Low temperature records may be shattered - WRCBtv.com | Chattanooga News, Weather & Sports

Low temperature records may be shattered

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In Chicago, residents used snowblowers to clear sidewalks . AP photo In Chicago, residents used snowblowers to clear sidewalks . AP photo

By F. Brinley Bruton, Staff Writer, NBC News

Potentially record-setting cold temperatures were descending across the Midwest and Northeast on Sunday, disrupting travel and prompting forecasters to warn people to stay indoors.

Detroit, Saint Louis, Indianapolis and Chicago saw continued snowfall overnight, which along with the cold disrupted thousands of flights.  Across the country, at least 2,000 Sunday flights had been cancelled or delayed, according to tracking website FlightAware.   About 43 percent of those scheduled to fly in or out of Chicago's O'Hare Airport were cancelled.

The Dakotas and Minnesota bore the brunt of the coldest weather, clocking temperatures of 20 degrees below zero on Sunday morning.

"And it is only getting colder," Michael Palmer, lead meteorologist at The Weather Channel said.

The frigid air blasting into the Plains was part of what the National Weather Service called "incredibly cold and possibly record-breaking temperatures" expected throughout the week, with the brutally cold air expected to spread into to the Northeast and Gulf Coast Monday and Tuesday.

The snow is also expected to reach as far south as Tennessee and Alabama and icy conditions should even be expected in the Deep South Sunday, according to NWS. Atlanta's high temperature on Tuesday is forecast to be in the mid-20s, while the city's January average high is usually in the mid-50s, according to Weatherbase.com.

Forecasters are expecting temperatures in many places: 25 below zero in Fargo, N.D., minus 31 in International Falls, Minn., and 15 below in Indianapolis and Chicago. Wind chills may reach 50, 60 or even 70 below zero, temperatures much of the country has not seen in decades.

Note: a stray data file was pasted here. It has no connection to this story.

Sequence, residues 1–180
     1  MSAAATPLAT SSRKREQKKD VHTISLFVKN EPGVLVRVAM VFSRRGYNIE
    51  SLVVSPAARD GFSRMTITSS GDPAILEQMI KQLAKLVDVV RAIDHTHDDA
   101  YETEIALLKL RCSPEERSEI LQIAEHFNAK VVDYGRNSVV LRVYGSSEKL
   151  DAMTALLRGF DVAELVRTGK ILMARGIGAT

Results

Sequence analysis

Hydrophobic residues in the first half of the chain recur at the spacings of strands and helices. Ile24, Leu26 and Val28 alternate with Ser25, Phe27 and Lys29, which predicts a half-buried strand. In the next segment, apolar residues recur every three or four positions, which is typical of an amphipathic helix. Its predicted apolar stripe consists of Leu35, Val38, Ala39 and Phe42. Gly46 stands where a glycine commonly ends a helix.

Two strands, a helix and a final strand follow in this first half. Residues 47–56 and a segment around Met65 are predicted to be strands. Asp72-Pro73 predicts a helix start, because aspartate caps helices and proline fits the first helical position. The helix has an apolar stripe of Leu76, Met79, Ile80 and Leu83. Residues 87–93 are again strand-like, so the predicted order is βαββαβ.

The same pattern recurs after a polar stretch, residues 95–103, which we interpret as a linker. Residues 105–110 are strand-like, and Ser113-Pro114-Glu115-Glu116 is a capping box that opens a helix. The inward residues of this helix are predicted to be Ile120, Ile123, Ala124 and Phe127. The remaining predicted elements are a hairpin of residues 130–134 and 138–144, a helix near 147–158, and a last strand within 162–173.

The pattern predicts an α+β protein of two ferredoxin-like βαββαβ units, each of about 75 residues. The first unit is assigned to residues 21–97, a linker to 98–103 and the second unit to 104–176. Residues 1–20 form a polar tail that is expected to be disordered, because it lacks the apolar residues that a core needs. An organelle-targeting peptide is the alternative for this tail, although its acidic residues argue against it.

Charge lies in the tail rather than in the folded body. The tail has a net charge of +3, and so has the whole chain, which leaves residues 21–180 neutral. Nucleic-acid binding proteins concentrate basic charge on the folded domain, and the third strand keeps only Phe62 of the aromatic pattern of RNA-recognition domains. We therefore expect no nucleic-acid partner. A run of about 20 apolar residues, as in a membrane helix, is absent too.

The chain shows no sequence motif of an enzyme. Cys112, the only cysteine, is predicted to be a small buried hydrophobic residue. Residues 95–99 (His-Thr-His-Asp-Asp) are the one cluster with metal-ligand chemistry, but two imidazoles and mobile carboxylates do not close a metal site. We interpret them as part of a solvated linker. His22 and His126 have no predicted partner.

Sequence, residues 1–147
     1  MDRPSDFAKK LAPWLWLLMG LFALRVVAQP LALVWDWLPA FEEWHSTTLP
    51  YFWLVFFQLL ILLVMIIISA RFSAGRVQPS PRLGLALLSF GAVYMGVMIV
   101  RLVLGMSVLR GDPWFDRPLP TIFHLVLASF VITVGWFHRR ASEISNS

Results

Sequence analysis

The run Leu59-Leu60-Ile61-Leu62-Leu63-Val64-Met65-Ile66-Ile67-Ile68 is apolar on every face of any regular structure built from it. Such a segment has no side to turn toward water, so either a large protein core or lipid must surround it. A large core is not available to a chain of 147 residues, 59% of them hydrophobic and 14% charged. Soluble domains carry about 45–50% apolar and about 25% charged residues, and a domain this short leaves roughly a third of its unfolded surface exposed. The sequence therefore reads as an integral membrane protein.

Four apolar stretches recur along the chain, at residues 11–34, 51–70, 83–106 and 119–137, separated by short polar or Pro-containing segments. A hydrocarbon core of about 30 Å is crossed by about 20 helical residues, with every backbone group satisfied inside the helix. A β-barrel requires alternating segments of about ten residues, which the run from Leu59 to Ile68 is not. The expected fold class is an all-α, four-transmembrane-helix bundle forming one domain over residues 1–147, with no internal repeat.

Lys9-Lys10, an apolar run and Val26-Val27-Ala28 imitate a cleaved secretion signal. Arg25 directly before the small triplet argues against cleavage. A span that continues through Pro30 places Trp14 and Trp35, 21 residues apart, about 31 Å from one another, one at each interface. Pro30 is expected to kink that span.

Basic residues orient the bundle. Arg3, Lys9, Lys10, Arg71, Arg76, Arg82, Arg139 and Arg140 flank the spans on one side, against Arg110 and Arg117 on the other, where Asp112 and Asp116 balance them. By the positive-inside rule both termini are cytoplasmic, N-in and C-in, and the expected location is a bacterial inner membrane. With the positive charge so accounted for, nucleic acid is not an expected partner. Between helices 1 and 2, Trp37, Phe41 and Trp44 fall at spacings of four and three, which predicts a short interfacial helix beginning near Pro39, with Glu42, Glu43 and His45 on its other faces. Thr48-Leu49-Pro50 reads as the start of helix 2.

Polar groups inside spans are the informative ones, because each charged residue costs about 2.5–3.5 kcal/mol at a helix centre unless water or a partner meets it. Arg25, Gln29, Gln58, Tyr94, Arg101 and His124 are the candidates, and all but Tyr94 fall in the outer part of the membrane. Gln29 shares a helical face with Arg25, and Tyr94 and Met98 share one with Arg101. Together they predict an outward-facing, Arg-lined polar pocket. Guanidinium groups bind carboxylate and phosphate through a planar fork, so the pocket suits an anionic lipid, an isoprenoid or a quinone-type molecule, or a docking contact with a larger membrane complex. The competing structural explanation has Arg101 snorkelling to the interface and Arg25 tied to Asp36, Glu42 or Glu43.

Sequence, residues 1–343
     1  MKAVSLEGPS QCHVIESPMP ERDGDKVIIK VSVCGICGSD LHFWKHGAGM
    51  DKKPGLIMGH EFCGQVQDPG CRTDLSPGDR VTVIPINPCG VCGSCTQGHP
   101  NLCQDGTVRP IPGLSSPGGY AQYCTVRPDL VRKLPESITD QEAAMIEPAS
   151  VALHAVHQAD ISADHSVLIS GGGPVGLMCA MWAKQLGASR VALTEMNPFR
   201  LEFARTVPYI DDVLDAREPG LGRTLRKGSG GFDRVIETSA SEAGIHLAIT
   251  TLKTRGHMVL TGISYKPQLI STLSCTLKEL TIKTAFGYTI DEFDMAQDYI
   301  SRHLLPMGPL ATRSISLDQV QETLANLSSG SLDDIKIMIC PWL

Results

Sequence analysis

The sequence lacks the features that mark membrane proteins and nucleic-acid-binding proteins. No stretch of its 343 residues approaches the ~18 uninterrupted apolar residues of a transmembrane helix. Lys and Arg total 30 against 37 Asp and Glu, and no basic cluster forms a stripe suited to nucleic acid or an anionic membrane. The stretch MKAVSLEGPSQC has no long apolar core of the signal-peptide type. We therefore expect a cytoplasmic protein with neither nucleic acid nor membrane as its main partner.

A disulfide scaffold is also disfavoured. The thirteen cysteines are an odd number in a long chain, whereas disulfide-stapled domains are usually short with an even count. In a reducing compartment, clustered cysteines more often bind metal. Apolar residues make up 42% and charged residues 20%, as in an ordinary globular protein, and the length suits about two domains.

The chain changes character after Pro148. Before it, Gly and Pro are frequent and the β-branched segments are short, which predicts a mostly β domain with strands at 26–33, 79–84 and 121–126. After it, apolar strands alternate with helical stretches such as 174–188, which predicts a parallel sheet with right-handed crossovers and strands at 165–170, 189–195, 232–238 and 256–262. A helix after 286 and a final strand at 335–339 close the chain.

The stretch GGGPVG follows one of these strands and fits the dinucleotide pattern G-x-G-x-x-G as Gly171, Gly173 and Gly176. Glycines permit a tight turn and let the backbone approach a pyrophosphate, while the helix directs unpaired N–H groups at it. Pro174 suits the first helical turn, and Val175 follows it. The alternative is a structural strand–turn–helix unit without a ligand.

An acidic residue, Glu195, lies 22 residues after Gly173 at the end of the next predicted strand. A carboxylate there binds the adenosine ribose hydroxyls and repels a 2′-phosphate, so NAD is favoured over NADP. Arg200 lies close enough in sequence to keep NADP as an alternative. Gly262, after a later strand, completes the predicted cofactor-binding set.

At temperatures of 15 to 30 below, exposed skin can get frostbitten in minutes and hypothermia can quickly set in.

"If you don't have to go outside, don't do it," Palmer warned.

Dr. Brian Mahoney, medical director of emergency services at Hennepin County Medical Center in Minneapolis, advised people to protect themselves against the intense cold by wearing and face protection.  Mittens were preferable to gloves and layers of dry clothing are best, he said.

"A person not properly dressed could die easily in those conditions," National Weather Service meteorologist Scott Truett in St. Louis told The Associated Press, describing the expected wind chill in Missouri at daybreak Monday.

Despite the bone-chilling weather, Sunday's NFC wild-card game between the Green Bay Packers and the San Francisco 49ers looked set to play out in bone-chilling temperatures in Wisconsin.

Regardless of the forecast, fans scooped up the remaining 40,000 tickets needed to sell out the game this week.

Minnesota said schools in the entire state would be closed Monday— the first such closing in almost 20 years.  Milwaukee and Madison had also cancelled school for Monday.

Already, parts of New England dropped into the negatives Saturday, with East Brighton, Vt., seeing 30 below zero just after midnight and Allagash, Maine, hitting minus 36. The cold will sweep through other parts of New England where residents are digging out from a snowstorm.

A temperature of minus-9 degrees in Hartford, Conn., early Saturday broke the record for the date and was the lowest recorded in the county since February 2009, according to NBC Connecticut.

"It's the mother-lode of cold air," Weather Channel coordinating meteorologist Tom Moore said. "On the heels of what will be the coldest air of the season, will be dangerous, life-threatening winds."

The South also will dip into temperatures rarely seen. By Monday morning, western and central Kentucky could be below zero — "definitely record-breaking," said weather service meteorologist Christine Wielgos in Paducah, Ky. And in Atlanta, Tuesday's high is expected to hover in the mid-20s.

NBC News' Erik Ortiz and Elisha Fieldstadt, and The Associated Press contributed to this report.

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